Originally posted by The 5th
reply to post by IslandMason
I don't understand why you think self-study is such a murky area, surely anyone who wanted to study it properly would find legitimate books on masonic
sites or libraries and go through the appropriate channels. I think even if you had no basis in what is considered an authority text, it wouldn't take
long to distinguish McKenzie from a Leo Taxil.
Again, I am not sure why you are bringing CT into what I was saying. There is of course going to be a different interpretation garnered from
experience of a ritual than reading it, but I wouldn't assume that because of a lack of direct experience wouldn't mean that the ritual and the
allegories couldn't be understood from reading and understanding why they were facing a certain direction and be why aspects of a ritual incorporated
this,that or the other etc.
I was simply saying that self study can be polluted or clouded by material that's less-than-truthful, and it's sometimes hard to tell the difference.
Of course, if the book you read contains any mention of Baphomet or Baal worship, riding goats, or shape-shifting reptilian aliens from Nibiru, it's
safe to assume that book is BS. OTOH, some of the misinformation out there is very well written and not outwardly outlandish, which sometimes makes
it difficult to discern what is an authoritative work, and what is fraudulent. I'm by no means an expert in Masonry, having only recently been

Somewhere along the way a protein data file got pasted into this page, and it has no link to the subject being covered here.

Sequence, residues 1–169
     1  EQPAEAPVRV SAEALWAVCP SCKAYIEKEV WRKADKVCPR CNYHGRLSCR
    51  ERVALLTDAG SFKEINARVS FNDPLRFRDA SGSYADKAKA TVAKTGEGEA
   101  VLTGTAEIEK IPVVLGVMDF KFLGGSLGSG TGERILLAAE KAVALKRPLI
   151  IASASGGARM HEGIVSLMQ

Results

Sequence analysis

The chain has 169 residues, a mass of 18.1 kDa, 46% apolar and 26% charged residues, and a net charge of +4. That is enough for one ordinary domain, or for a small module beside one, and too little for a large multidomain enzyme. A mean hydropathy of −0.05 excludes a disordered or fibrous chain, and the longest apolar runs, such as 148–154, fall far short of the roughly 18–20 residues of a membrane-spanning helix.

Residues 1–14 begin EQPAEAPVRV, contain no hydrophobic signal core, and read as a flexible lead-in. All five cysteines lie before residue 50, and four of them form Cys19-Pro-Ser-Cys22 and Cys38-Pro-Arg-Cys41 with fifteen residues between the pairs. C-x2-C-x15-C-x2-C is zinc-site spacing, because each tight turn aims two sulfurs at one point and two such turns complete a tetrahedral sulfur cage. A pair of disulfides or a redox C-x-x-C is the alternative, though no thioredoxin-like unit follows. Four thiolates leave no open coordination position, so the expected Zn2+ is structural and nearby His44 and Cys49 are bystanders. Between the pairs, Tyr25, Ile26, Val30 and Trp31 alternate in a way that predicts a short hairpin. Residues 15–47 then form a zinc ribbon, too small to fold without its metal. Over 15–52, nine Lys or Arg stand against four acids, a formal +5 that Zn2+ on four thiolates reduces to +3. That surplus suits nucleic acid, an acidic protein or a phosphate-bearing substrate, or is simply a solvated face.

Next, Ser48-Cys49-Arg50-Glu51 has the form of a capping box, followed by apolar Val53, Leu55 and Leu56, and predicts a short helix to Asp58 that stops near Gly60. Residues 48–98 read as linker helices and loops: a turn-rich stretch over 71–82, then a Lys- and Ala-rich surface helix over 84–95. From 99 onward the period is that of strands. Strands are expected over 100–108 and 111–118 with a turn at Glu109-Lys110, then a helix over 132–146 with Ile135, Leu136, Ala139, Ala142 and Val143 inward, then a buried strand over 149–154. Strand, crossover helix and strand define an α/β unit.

initiated, but I did quite a bit of reading before applying for membership, and because we have a family history in Masonry, I could spot much of the
(seemingly well-reasoned) falsehood fairly quickly, where perhaps some wouldn't. That's not implying any superior intelligence or skill on my part,
it's just saying that clearly, many can't discern fact from fiction, as evidenced by the sheer number of anti-Masonic works and CTs out there.
I bring CTs into the conversation only because they are the purveyors of much of the untruth that is out there. It's also why I used quotations
around the word "study" in my first response - there's a lot of misinterpretation and falsehood put forth by CTs and anti-Masons, and I've found that
many people who claim to have "studied" the Craft often get their material from those erroneous sources.
I think that "book knowledge" is wonderful, and if that knowledge is derived from the right sources, can be incredibly insightful. But it is also
lacking from a practical, "real world" perspective. You can know all the theory there is to know about a particular subject but without experience,
you still can't speak with authority. A music student may be able to quote music theory and history, but have no musical "ear" and can't play to save
their life (I know many like this). A graduate of Computer Science or Engineering, who may have been a straight A+ student throughout their
university studies still knows nothing compared to those who have been on the job for 5-10-20 years. In short, there's no substitute for practical
To me, the same applies to Masonry. You can learn all of the ritual, what each symbol means, why you face a particular direction, and so on, and yes,
then you will know the academics of it, but a large part of Masonry is the personal component - the spiritual journey, that can only come from
participation. Even as a new initiate I know this is true; I can only imagine what it's like further on...
edit on 25-5-2013 by IslandMason
because: (no reason given)